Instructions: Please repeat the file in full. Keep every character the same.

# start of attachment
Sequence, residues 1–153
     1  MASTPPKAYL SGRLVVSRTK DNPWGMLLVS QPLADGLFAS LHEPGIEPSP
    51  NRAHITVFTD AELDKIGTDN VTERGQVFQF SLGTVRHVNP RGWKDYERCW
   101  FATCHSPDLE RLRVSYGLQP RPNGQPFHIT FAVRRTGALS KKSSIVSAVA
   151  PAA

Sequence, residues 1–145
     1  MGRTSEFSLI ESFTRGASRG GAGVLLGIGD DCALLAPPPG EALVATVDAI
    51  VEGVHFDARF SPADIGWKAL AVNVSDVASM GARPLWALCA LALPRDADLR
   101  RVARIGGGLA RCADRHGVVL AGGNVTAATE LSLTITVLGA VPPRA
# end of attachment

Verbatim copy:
Sequence, residues 1–153
     1  MASTPPKAYL SGRLVVSRTK DNPWGMLLVS QPLADGLFAS LHEPGIEPSP
    51  NRAHITVFTD AELDKIGTDN VTERGQVFQF SLGTVRHVNP RGWKDYERCW
   101  FATCHSPDLE RLRVSYGLQP RPNGQPFHIT FAVRRTGALS KKSSIVSAVA
   151  PAA

Sequence, residues 1–145
     1  MGRTSEFSLI ESFTRGASRG GAGVLLGIGD DCALLAPPPG EALVATVDAI
    51  VEGVHFDARF SPADIGWKAL AVNVSDVASM GARPLWALCA LALPRDADLR
   101  RVARIGGGLA RCADRHGVVL AGGNVTAATE LSLTITVLGA VPPRA